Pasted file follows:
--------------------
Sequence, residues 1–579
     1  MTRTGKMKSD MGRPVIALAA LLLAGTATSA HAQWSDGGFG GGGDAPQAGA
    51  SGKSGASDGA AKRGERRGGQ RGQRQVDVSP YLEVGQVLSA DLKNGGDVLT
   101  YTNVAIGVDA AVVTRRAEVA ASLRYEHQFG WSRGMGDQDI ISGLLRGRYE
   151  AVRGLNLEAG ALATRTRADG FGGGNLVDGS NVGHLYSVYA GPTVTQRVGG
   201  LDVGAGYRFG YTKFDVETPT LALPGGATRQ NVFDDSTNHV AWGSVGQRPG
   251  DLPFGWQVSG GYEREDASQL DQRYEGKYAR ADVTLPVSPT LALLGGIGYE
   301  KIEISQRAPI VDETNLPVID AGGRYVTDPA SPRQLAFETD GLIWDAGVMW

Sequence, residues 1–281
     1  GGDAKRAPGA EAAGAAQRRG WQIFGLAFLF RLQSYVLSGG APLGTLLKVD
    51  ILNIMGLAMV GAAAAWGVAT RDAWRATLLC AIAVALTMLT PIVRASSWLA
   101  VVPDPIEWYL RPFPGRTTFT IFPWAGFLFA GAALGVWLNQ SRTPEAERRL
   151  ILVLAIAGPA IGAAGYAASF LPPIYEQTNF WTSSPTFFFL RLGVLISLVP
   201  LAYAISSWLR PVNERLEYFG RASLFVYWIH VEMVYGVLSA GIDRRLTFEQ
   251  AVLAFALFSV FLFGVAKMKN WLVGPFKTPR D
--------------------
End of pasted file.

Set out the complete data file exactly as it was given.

Sequence, residues 1–579
     1  MTRTGKMKSD MGRPVIALAA LLLAGTATSA HAQWSDGGFG GGGDAPQAGA
    51  SGKSGASDGA AKRGERRGGQ RGQRQVDVSP YLEVGQVLSA DLKNGGDVLT
   101  YTNVAIGVDA AVVTRRAEVA ASLRYEHQFG WSRGMGDQDI ISGLLRGRYE
   151  AVRGLNLEAG ALATRTRADG FGGGNLVDGS NVGHLYSVYA GPTVTQRVGG
   201  LDVGAGYRFG YTKFDVETPT LALPGGATRQ NVFDDSTNHV AWGSVGQRPG
   251  DLPFGWQVSG GYEREDASQL DQRYEGKYAR ADVTLPVSPT LALLGGIGYE
   301  KIEISQRAPI VDETNLPVID AGGRYVTDPA SPRQLAFETD GLIWDAGVMW

Sequence, residues 1–281
     1  GGDAKRAPGA EAAGAAQRRG WQIFGLAFLF RLQSYVLSGG APLGTLLKVD
    51  ILNIMGLAMV GAAAAWGVAT RDAWRATLLC AIAVALTMLT PIVRASSWLA
   101  VVPDPIEWYL RPFPGRTTFT IFPWAGFLFA GAALGVWLNQ SRTPEAERRL
   151  ILVLAIAGPA IGAAGYAASF LPPIYEQTNF WTSSPTFFFL RLGVLISLVP
   201  LAYAISSWLR PVNERLEYFG RASLFVYWIH VEMVYGVLSA GIDRRLTFEQ
   251  AVLAFALFSV FLFGVAKMKN WLVGPFKTPR D